Tidewater Traveler - September 2008
Bag Limits Not Just For Hunters
I think there may be a generalization that the more a person travels, the less stuff they carry with them, though a few of my seasoned traveler clients are ‘shoe-people’ for whom a reduction in the volume of travel attire is very unlikely! An adage often conveyed to pre-travelers is - lay everything you think you want to take on the trip out on a bed; wait a few days; and then put half of it away before you pack.
Recently, I engaged in a post-travel follow-up in the home of clients who had just returned from a 10-day independent land excursion in France. Almost as amazing as the photos of the Eiffel Tower and the gardens at Versailles were the photos of the mountain of luggage that trailed these folks throughout France. I was especially amused by one of the pictures; in the foreground all the luggage is heaped on a rail platform waiting for a train and in the background are construction cranes. I chuckled, wondering if the cranes had been engaged to load the bags. These vacationers have already sworn that never again will they take so much.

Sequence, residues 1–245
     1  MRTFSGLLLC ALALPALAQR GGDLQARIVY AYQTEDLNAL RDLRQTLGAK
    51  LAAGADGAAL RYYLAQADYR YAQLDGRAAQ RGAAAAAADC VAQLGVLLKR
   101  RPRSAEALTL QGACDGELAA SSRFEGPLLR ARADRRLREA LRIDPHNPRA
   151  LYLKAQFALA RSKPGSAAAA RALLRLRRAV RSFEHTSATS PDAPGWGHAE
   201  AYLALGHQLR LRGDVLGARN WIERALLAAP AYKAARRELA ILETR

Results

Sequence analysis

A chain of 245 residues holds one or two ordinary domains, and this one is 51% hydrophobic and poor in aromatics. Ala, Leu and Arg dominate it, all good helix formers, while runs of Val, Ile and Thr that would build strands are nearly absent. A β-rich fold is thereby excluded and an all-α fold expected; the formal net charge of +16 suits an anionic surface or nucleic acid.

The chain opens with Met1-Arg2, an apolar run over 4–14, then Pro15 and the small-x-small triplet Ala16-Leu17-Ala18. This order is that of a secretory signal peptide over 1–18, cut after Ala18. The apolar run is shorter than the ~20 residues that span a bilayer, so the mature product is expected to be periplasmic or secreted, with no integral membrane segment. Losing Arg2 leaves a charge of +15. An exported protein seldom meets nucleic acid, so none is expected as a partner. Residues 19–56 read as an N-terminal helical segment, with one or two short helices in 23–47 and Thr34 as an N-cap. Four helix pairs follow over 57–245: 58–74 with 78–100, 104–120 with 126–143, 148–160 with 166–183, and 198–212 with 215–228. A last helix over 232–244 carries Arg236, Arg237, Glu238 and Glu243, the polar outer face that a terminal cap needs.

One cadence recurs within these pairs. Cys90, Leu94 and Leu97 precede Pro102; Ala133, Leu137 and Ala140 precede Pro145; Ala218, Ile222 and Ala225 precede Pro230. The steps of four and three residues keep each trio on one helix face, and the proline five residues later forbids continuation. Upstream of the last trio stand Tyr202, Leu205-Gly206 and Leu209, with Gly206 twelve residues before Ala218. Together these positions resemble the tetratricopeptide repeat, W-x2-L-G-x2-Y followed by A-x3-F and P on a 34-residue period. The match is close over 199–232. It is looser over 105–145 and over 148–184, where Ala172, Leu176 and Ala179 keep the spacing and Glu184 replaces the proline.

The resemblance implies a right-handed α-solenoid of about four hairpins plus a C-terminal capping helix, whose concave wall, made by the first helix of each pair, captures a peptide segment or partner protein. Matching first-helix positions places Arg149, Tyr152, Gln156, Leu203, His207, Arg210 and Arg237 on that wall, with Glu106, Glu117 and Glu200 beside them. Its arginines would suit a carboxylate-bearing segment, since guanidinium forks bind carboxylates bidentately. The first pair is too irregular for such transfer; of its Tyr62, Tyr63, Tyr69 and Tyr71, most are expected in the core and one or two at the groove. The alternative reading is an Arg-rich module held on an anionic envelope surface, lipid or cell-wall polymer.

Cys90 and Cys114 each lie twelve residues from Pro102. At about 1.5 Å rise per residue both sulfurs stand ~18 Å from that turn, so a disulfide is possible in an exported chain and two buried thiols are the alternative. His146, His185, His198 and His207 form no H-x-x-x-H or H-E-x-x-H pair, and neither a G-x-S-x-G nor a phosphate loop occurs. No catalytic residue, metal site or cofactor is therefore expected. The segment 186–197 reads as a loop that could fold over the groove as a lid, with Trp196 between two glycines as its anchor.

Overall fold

With the major airlines in a frenzy to develop new reasons to charge their not-so-valued passengers unique and creative fees, it seems they might have unintentionally extended a favor to the traveling public – a positive! If it is a favor, it has to be unintended because the mega air carriers have never, to my knowledge, done anything purposely for the benefit of passengers.